So, first things first – this is a reference work and I will rate it as such. This book focuses on the cleric and my review is based on the iteration that is based on both PRD and 3pp-material from a wide array of different sources. After a brief introduction, we begin with the cleric at a glance, including class skills by attribute, class features and the like; Rite Publishing’s by now venerable Divine Channeler is also listed in such a way.

From these base classes, we move on to the archetypes – these are provided alphabetically, noting their respective sources under the header, making it pretty easy to determine sources for them at one glance. Now, the respective class features have their name, their header if you will, in brown bubbles, with the type of the ability noted for each of them – also, available at a glance in a rather efficient way of presenting the material at hand. In a similar register card-like protrusion atop the bubble, we also have notes for the level in question where the ability is first gained – this is particularly helpful when an ability like channel energy is only partially replaced – to take a random example: The evangelist gets channel energy at 3rd level, losing a few of the progression steps in favor of sermonic performance, so the class feature bubble notes a “3.”

Slightly odd when first reading such a book: Below each bubble is the source of the respective ability noted as well – but there’s a reason for this! On another note: While the rules-formatting of the book is really impressive for a tome of this size, I did encounter e.g. references to cure/inflict spells that are not italicized – cosmetic, but hey – I do have to complain at least a bit, right?

Now, if you want something with more of a go-play angle and considered the application of archetypes to a given class work, then you will really enjoy the next chapter – cleric archetype classes basically presents the cleric class with the archetype in question already applied; presentation adheres to the same principles as the base class-depiction – at a glance summary, full information, breakdown by class feature. Each new class/archetype combo begins on a new page, btw. – on one hand, this means that you’ll have a few pages with some serious blank space, but on a plus-side, you can save ink/toner when just printing out one class/Archetype-combo – this makes the section rather helpful, as far as I’m concerned. So yeah, for me, saving ink/toner trumps coping with a bit of white space.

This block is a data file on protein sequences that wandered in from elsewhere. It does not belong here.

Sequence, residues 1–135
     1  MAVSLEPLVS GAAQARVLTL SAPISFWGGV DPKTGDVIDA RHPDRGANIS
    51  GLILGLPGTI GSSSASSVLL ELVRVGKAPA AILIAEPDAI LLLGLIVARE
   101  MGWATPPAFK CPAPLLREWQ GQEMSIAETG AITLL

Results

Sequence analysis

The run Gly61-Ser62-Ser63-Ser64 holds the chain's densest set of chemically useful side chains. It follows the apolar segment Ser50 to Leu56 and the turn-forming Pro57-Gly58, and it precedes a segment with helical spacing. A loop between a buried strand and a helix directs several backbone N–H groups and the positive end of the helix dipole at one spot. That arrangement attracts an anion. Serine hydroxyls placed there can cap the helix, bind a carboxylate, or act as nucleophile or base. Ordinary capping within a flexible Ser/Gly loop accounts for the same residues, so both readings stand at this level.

It is also here that you’ll probably get why abilities note their sources: archetype class combos note sources for the base class as well as for the supplemental rules-material used in making the respective combination.

But what if you want to look up a cleric concept by class feature? Well, chapter 3 has you covered: It lists the class features alphabetically (with type and level) and then proceeds to sport the class name/cleric archetype that sports the feature below it in an extra bubble – this is really helpful, though it would have probably been even more helpful with internal hyperlinking to the respective archetype or archetype class-combo. When a class feature is modified, you’ll find the modifications under their own sub-bubble denoting the archetype in question, which is really neat.

Now, I really loved this in the Barbarian-installment, but both class features and feats have helpful feat/ability-chain diagrams illustrating connections – channel energy + domain, for example…and here, we have the extremely helpful hyperlinks once again, so yeah, maximum utility achieved. (it should be noted that class features from other classes are NOT included in the book and thus, not hyperlinked – but that was to be expected and should not be taken as criticism of the pdf!) And yes, when applicable, level bubbles are included here as well! And yes, e.g. the divine channeler gets his own flow-chart-style diagram!

Interesting, btw.: Not all content herein is drawn from external sources – there are some domains, for example, that reference Echelon Explorations: New Domains – a book not available/released as per the writing of this review; this references the concept of hybrid domains, which is intriguing enough, though, as a minor nitpick, the second such example hybrid featured is missing the “1” in the first-level spell notation of domain spells gained and said domaijn also lacks the level-bubbles for the class abilities gained; not a big hassle, since the information is still within the text itself, but still worth mentioning.